I was just notified that the show will be airing in the summer, and I have had a lot of anxiety over it. I cannot shake the feeling that none of this was necessary and that it was all for show, and that my biological mom did this to give the world an emotional story to make herself feel better.

There was absolutely NO reason she needed to go on national television to find me. For one, I have researched, and closed adoption files can be accessed by the biological mother, if she goes through the proper steps. She could’ve found my adoptive parent’s information and gone from there. It’s also literally 2022 (actually it was 2020 at the time but still).

Everyone is taking Ancestry DNA tests. She could’ve spent 60 bucks to get a 23 and Me test and found out that I’m already in the data base. I just feel like she completely went to the extremes to do this and put our personal business out there for the world. What if I am portrayed as being an ungrateful bitch or something ?Or future employers search for my name and find the episode!!

One commenter noted – I hear you on the “reality” shows. I also did a pilot many years ago in which they wanted me to react a certain way, so did my daughter. Basically they’re all fake (not real at all). As for the biological mom, everyone is different in how they come to the decision, and what they do with it. She could’ve been looking for her 15 min of fame, or possibly she did feel so pressured and now finally felt like it was time to stand up to those who pressured her. 

And yet another added – or she wanted the money.

Invalidating Adoptee Perceptions

Adoptive parents and even hopeful adoptive parents often say:

“I know many adoptees that don’t feel like their adoption was a bad thing, they are glad they were adopted” or “they don’t have trauma, they are fine” or “adoptees whose lives are fine are not online talking against adoption.”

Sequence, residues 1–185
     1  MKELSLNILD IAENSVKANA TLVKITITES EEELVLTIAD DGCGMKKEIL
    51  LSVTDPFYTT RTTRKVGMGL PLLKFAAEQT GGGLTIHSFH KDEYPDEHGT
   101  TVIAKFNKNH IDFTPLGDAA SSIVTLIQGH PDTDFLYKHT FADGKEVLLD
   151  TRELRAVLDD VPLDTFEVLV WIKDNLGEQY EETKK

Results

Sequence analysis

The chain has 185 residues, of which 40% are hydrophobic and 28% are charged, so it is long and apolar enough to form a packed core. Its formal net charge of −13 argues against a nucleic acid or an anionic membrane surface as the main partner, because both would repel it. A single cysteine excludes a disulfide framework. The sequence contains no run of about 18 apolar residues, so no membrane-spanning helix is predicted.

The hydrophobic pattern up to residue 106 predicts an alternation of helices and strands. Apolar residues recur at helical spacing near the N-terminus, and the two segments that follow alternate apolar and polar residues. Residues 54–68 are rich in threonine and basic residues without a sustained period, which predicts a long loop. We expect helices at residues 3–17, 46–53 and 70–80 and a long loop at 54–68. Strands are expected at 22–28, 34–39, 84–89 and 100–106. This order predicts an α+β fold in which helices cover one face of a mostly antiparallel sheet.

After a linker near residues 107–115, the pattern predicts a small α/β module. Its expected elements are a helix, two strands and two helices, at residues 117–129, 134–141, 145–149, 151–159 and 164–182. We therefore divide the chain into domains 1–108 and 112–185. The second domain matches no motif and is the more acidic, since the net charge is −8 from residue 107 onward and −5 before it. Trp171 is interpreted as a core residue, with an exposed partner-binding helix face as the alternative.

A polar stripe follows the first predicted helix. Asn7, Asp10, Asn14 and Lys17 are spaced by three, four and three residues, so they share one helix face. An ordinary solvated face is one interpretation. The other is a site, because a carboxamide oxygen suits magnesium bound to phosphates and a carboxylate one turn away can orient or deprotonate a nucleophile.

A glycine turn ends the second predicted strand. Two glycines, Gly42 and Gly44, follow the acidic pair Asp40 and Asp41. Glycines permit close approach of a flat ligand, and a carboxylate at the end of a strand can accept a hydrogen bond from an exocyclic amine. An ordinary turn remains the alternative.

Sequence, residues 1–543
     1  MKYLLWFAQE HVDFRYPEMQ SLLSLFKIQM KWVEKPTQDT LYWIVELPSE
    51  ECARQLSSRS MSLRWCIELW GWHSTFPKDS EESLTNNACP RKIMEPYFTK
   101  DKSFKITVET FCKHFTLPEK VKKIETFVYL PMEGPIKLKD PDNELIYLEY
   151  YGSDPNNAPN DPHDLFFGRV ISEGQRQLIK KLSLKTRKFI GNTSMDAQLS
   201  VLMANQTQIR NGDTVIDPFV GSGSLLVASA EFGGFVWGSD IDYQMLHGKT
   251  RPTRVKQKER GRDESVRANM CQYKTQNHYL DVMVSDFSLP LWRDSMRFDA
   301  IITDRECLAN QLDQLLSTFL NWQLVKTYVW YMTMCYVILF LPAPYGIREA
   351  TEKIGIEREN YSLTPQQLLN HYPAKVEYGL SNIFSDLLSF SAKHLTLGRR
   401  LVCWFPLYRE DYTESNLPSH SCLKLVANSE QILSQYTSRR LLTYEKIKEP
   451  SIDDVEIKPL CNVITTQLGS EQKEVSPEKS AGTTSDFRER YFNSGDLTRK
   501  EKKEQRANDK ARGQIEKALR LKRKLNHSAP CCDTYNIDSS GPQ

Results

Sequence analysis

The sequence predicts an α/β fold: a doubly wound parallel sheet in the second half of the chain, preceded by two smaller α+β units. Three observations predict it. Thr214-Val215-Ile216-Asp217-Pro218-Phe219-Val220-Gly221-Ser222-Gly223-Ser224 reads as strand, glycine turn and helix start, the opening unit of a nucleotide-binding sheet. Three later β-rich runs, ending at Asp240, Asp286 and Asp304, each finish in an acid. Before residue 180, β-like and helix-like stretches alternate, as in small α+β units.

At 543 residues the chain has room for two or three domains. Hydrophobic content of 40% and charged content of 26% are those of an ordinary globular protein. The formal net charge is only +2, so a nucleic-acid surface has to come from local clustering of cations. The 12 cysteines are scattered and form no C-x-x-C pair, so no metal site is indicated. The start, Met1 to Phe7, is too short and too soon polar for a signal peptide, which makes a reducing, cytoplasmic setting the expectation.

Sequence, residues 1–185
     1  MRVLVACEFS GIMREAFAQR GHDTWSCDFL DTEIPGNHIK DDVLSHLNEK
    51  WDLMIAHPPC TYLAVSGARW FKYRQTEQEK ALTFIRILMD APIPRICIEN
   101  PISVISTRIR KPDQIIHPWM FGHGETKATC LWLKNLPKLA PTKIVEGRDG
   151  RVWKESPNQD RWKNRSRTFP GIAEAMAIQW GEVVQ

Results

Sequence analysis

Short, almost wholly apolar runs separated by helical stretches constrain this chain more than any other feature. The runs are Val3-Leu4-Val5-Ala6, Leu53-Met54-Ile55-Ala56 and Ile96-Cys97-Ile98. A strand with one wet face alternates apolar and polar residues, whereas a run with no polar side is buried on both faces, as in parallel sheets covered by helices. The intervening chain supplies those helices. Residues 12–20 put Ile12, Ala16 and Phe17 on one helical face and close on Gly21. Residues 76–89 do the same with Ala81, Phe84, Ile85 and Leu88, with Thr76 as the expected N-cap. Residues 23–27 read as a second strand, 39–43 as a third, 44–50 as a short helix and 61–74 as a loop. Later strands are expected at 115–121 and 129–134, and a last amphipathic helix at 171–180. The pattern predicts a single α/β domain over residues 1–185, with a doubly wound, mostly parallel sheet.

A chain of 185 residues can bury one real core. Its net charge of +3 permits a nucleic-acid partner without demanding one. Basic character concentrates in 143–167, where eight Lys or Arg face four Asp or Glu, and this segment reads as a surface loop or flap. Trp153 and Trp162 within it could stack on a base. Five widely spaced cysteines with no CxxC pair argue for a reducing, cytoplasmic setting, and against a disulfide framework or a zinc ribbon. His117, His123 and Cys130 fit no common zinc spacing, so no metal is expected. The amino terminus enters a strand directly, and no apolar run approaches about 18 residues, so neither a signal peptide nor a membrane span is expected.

One of the last emails I got from my adoptee mom before she died, she actually said “glad I was,” meaning adopted. She was lamenting how she just couldn’t finish doing the family trees on Ancestry because she knew the information just wasn’t real – for her or my dad (who was also adopted). So it was not that I believed she actually was “glad” she had been adopted but what else could she say at that point ? Neither my mom nor my dad really knew anything beyond a few names – at most – about their original parents.

I didn’t invalidate her feelings – my dad never expressed his own feelings about adoption to me. After both of my parents died, within one year, I knew who all 4 of my original grandparents were, something about their stories and had some contact with some biological, genetic relations.

So those who are not adoptees, who say these kinds of things probably just miss the signs that are there but not verbalized. I know my mom dearly wanted to make contact with her first mother but the state of Tennessee denied her access (which they then gave me in 2017 – wow it doesn’t seem like 5 years already that I have felt finally “complete”). If she had been so happy about being adopted, she would not have tried so hard to accomplish a reunion.

The thinking described above is problematic because it assumes that adoptees always feel comfortable sharing their true feelings about adoption with adoptive parents. That is rarely the case.

One adoptee admits –  I spent 50 years saying I was fine adopted, never an issue and believed it. I knew I responded to things differently than others, but never equated it to being adopted. It’s very difficult for adoptees to verbalize true emotions. The changes in our brain at separation try to protect us from rejections. It’s all subconscious. I had no idea my lifetime narrative was to protect myself, until I did deep work in therapy that focused on opening those areas of the brain to process the trauma. Life changing. The processing is very hard and easily something you’d try to avoid. Once you do it though, at least for me, it was life changing. I was 50. I get so angry I didn’t do it sooner. I didn’t know I should and clearly neither did my adoptive parents because I always appeared fine to them.